How to Use Microlet Lancets to Properly Pop a Zit, According to Dermatologists (And Drew Barrymore)

Thanks to the COVID-19 pandemic, we're not only dealing with the isolating effects of quarantine and social distancing, but also with the results of extended mask wear, including "maskne" (the newfound term for the breakouts caused by face coverings). And if your skin has been revolting against you more than usual—whether you're experiencing dryness, annoying pimples, or even rosacea or psoriasis flare-ups—you're not alone. Even celebrities like Drew Barrymore are sick of it.

So what's a girl to do about pesky maskne? Barrymore seems to have the solution as she pulls out her trusty go-to for popping zits—and no, it's not her fingers. She unveils a box of tiny, colorful lancets, and we are kind of shocked at just how small and unassuming her tool of choice is. "They make popping so fun," Barrymore says, as she whips out an orange lancet.

What exactly is a lancet? It's a tool with a super thin needle on one end—which is small enough to ensure no damage is done to the skin, if used correctly— that you use to pierce your pimple to relieve blockage. To use, hold the lancet parallel to the skin, and gently prick the zit in a horizontal motion, with as little pressure as possible. Whatever you do, don't poke or drag the lancet in a downward motion, since this could cause scarring. Unlike using your cumbersome, germy fingers to push, press, and prod the area of inflammation, lancets won't cause damage or trauma to the skin.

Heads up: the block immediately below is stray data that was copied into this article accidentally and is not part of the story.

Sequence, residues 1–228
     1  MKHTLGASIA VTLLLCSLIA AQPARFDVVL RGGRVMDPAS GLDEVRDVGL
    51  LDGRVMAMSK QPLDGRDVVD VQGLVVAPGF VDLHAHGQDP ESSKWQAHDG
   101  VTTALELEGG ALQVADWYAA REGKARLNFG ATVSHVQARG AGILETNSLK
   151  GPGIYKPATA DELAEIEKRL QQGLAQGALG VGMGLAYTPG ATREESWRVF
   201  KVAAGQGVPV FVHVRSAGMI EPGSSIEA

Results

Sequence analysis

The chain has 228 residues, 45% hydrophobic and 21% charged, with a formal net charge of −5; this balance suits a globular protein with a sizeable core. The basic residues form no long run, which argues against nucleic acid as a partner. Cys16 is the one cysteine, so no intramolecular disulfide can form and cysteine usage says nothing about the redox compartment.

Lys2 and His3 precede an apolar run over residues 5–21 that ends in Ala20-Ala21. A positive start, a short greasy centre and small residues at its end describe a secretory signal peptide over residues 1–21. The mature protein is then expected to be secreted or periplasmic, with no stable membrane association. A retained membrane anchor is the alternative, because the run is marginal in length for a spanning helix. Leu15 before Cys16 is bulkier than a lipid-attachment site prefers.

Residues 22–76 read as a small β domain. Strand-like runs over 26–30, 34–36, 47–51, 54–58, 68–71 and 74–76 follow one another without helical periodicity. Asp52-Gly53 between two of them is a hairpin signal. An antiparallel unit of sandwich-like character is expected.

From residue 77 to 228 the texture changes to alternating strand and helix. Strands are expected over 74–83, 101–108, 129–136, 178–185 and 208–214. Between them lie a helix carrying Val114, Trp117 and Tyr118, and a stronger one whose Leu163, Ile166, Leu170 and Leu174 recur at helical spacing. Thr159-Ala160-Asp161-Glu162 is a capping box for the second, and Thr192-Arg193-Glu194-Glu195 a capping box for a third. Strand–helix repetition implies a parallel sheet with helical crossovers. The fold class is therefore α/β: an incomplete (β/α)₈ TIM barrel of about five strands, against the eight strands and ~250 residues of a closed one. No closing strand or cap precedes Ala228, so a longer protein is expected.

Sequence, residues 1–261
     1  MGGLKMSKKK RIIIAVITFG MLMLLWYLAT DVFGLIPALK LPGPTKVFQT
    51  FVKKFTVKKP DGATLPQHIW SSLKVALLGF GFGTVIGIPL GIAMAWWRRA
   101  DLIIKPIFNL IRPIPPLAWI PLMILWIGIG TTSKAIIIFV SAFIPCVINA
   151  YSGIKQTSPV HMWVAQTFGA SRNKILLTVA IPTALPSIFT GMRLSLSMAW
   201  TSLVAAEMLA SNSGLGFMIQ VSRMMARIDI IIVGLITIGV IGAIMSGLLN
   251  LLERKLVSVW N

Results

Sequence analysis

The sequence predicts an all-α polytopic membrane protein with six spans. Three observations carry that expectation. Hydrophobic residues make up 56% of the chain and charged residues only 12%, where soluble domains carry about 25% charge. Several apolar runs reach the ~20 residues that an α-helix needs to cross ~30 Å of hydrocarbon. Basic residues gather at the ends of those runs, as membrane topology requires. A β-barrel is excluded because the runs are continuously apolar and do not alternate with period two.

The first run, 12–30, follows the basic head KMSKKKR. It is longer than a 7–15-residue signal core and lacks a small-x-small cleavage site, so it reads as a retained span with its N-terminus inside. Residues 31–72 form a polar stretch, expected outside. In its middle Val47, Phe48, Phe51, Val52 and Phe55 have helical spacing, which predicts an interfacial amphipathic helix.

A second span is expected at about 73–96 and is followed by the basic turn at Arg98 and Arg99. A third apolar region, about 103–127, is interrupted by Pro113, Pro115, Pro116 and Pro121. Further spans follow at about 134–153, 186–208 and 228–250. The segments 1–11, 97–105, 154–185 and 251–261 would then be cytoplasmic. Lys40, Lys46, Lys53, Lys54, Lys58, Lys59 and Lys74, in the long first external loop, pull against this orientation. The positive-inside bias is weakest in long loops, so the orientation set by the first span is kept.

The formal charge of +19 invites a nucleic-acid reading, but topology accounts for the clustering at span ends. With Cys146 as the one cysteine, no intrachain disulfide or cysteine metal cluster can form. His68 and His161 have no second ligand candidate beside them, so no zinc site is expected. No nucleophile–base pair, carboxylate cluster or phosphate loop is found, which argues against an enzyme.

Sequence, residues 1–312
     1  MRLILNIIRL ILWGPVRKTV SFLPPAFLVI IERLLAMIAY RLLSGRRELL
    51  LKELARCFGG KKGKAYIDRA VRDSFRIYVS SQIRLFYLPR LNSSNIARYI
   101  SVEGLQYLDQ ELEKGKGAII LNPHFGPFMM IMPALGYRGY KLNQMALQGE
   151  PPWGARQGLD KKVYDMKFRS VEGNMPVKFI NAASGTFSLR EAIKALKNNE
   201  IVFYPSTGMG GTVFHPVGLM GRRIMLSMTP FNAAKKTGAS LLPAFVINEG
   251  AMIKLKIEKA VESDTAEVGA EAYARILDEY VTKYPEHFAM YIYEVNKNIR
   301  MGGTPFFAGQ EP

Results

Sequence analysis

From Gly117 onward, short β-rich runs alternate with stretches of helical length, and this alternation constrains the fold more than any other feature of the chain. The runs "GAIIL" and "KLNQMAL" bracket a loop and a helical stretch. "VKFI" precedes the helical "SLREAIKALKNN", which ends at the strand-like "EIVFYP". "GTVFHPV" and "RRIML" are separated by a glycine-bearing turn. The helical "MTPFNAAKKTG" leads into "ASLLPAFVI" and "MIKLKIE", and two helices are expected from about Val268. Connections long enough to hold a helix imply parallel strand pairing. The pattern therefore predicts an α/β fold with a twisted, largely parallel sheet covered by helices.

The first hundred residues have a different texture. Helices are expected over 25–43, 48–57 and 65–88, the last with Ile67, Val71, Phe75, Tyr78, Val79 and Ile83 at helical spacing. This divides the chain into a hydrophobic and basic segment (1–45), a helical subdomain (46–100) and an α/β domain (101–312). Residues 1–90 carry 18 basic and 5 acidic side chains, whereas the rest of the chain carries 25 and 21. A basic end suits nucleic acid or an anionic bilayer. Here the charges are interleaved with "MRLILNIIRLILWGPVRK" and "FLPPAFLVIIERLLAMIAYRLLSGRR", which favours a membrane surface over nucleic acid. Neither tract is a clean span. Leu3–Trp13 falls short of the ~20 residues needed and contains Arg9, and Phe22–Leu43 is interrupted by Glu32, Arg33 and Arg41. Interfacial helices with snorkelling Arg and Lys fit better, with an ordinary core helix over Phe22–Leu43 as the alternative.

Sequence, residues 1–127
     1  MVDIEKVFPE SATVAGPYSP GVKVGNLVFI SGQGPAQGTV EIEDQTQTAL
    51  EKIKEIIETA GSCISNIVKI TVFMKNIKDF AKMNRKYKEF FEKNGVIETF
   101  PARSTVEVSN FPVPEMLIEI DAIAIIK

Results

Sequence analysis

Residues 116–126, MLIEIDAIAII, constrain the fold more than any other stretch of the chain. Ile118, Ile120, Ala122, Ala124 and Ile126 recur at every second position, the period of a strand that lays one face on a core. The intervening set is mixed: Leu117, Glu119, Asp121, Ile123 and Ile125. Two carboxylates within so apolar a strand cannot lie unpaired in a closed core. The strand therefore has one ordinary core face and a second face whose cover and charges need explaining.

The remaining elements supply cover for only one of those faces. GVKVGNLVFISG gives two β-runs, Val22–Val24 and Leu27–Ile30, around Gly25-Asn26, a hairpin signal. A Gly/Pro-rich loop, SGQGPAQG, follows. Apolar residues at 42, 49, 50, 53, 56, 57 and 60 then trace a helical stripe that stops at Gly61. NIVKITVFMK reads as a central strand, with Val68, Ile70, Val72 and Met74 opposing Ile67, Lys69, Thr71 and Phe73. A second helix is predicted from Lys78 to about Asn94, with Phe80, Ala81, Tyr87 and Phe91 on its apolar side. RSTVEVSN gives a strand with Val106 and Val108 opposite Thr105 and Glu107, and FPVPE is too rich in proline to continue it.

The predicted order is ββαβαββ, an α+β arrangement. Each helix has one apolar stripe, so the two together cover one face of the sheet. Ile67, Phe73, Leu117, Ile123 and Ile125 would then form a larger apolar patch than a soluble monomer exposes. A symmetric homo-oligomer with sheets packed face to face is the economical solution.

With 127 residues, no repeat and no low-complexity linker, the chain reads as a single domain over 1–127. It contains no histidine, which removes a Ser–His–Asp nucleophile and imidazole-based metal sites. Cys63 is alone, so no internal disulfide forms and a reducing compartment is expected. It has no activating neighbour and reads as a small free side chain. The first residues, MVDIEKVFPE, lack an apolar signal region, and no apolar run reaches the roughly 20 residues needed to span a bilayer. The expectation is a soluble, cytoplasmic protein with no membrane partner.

To buy: Microlet Colored Lancets, from $23 for 200;

Popping your maskne with a lancet, is not the worst idea if a visit to the dermatologist absolutely can't wait, experts say. In an office visit, your derm would use a sterilized needle—very similar to a single-use lancet—to pierce the pimple, and follow up with a comedone extractor (a tool with little loop at the end to remove the inside of your zit) to finish the job, explains Mona Gohara, MD, an associate professor of dermatology at Yale.

"This is the safest way you could [pop a zit] at home," Rachel Nazarian, MD, a New York-based dermatologist and fellow of the American Academy of Dermatology, tells ishonest—but it's still not perfect. "It’s incredibly difficult to find the correct angle of insertion to open the [zit] on yourself, and very difficult to remove the contents without damaging the skin," adds Dr. Nazarian. Barrymore, herself, discourages her viewers from aggressively digging into the pimple with the lancet, but rather taking a light and delicate approach for a graceful pop.

Of course, the best way to combat maskne is to prevent it in the first place. Remember to wash your mask after daily use. "Be diligent about nightly acne medications that can prevent breakouts over time," advises Dr. Nazarian. And if needles aren't your thing, consider hydrocolloid pimple patches ($16 for 96- count; "[These] can help dry them up and shrink them up quicker without the same risk of scarring," says Dr. Nazarian.

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